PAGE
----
Of course, we are always thinking about cost/value/likelihood we can upgrade the best content in the vertical—it is almost always the case that the low competition content, although lower benefit, also doesn’t need the same content quality the high competition terms do, so we can sometimes capture more benefit at a faster velocity by hitting those terms earlier.
Once you’ve attracted your customers to your site, whether to a piece of content via social or a conversion page via SEO, they’ll often leave your site and come back a few times before they actually convert. Sometimes they’re doing research, sometimes they get distracted by other sites, and sometimes they’re just not ready to buy or give you the information you so badly need from them to drive your business forward.
Sites like Outbrain and Taboola are great for promoting your website or blog as long as you have some sales funnel setup and an ability to track those individuals who arrive from these platforms. These sites will promote your content across thousands of other similar websites across the internet for a fee. However, be sure to do your due diligence and test things out before diving in headfirst.
Whether you’re building a brand or selling a product, the success of your site relies on the number of visitors you get and the quality of those interactions. An obvious example is an online store, where more traffic often means more sales. But traffic is also important if you have a blog, where reaching more people can help you inspire and impact more lives. Also, with more visitors, you can create opportunities for sponsorships and ad revenue. No matter what kind of site you have, bringing more traffic to your online doorstep is the way to grow and thrive online.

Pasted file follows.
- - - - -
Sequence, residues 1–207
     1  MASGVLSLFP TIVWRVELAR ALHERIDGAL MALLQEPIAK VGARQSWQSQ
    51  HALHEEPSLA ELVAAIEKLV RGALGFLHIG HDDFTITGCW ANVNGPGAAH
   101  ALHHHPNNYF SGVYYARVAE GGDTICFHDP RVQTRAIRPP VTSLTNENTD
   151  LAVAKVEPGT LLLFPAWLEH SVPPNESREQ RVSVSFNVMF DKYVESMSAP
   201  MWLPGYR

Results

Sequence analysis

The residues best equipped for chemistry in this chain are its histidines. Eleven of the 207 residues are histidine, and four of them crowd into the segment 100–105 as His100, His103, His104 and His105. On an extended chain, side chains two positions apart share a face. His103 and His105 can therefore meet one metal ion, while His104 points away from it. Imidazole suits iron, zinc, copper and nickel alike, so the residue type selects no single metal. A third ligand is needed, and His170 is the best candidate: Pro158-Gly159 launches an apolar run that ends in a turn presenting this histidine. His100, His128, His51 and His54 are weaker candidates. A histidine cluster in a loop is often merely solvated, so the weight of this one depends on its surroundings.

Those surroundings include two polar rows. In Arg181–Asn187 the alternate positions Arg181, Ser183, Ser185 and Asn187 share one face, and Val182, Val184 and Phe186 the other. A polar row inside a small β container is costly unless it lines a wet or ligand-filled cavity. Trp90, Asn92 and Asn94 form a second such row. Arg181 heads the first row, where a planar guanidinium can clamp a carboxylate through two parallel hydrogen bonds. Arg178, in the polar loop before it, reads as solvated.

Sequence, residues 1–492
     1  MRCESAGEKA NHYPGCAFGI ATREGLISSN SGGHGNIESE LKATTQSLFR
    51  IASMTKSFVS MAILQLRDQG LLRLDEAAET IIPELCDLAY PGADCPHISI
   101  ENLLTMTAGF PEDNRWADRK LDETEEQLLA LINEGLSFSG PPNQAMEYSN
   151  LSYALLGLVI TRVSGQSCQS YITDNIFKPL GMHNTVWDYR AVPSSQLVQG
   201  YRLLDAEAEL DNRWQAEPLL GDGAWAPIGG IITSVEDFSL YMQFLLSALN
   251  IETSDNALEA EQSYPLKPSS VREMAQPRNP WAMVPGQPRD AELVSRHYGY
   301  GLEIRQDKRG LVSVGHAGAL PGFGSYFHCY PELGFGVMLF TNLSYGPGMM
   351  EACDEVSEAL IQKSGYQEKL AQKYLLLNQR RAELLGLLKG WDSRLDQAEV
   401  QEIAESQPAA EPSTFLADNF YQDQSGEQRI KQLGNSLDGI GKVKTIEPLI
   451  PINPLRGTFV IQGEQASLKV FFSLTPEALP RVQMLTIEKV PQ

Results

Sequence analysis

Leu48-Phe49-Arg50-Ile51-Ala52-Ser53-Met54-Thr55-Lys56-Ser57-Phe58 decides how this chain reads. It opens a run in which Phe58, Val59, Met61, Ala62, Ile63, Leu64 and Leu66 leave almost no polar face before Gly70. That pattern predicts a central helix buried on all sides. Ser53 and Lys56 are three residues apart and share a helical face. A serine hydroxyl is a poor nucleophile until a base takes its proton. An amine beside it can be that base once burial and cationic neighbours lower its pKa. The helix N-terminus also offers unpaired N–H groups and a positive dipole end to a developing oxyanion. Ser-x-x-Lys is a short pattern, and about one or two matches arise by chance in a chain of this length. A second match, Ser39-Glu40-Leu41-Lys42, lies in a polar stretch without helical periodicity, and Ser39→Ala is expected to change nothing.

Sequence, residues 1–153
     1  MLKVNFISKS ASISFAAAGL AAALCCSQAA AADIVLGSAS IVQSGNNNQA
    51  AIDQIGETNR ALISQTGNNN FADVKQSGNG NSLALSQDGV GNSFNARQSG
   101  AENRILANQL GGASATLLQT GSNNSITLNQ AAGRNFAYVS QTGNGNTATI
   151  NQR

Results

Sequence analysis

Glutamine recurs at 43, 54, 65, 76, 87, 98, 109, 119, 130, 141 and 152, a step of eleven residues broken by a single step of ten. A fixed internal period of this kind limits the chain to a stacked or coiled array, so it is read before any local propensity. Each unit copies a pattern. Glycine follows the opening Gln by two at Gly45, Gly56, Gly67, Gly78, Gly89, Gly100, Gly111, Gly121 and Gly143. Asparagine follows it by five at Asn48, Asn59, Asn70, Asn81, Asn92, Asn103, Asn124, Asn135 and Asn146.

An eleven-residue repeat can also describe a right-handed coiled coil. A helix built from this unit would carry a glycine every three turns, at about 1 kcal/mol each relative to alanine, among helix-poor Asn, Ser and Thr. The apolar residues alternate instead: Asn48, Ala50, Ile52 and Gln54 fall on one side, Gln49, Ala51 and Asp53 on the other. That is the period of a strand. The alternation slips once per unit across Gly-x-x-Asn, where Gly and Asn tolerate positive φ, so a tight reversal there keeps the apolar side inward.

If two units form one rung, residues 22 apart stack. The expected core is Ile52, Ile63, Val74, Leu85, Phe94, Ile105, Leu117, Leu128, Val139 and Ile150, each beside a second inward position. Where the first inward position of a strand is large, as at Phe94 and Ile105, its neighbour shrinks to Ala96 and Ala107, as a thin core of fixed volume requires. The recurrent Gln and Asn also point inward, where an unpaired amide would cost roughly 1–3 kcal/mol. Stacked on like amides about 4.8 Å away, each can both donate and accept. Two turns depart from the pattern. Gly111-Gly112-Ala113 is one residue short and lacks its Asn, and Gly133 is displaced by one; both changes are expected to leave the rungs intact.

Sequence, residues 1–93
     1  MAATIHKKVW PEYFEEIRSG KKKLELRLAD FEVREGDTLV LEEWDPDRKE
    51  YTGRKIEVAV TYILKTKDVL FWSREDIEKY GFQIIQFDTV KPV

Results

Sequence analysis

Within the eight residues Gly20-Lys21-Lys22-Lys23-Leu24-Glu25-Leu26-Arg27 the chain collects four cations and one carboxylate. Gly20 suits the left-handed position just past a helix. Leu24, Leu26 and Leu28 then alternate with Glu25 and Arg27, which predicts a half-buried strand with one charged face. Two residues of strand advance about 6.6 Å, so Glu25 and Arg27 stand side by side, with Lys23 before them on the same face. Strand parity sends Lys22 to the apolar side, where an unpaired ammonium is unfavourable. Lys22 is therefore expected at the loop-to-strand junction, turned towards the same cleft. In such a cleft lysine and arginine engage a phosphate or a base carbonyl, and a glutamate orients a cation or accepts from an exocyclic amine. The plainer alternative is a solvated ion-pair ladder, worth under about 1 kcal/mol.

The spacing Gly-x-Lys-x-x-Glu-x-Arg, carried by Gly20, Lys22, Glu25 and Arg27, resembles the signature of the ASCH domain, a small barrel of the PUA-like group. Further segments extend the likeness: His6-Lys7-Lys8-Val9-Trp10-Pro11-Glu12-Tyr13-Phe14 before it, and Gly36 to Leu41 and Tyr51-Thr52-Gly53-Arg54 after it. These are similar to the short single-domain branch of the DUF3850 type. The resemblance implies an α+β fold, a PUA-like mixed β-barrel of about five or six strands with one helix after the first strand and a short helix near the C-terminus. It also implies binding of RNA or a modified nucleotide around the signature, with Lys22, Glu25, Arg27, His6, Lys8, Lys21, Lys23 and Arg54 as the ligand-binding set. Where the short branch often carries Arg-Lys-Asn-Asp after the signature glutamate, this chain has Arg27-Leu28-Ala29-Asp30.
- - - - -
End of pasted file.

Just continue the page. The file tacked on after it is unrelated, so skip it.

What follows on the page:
Vary your article length. You should have long, comprehensive articles as well as short and to-the-point articles. Let the content dictate the size; don’t spend too long belaboring a simple point, but don’t be too brief when detail is called for. research suggests the average length should be around 1,600 words, though feel free to vary as you see fit.
Content-Delivery Networks (aka CDNs) are a great way of speeding up page delivery across the world. Google and other search engines are inherently concerned about the speed of your site and page content. Use Amazon's AWS, MaxCDN or any number of other tools out there to leverage CDNs along with browser-caching tools like W3 Total Cache, WP Super Cache and others.
Editor’s note: Moz has shifted away from their previous difficulty score to a new tool, Keyword Explorer. It has its own difficulty metric that’s slightly different from what’s laid out here. AHREFs and SEMRush also have their own scores. Really, what tool you use is up to you/personal preference/assessment of accuracy, but there are several options for determining SERP difficulty.
I feel I have great content…but most of it is within my email marketing campaign instead of my blogs. I’ve used my blogs to include links to my email marketing campaigns to lead to my product. In your opinion, should my blog content be the priority? I find my marketing emails sound more like a blog than just a “tip” or a reason to grab people to my list.
If you have the resources to hire a marketing company which will run a huge campaign for your website - go for it, but even then you can still profit from buying highly targeted website traffic. From the moment you place an order, to the first visitors showing up and knocking at your website’s virtual door it usually takes less than 24 hours. Do you know any faster way to get to potential clients? If yes - please let us know :)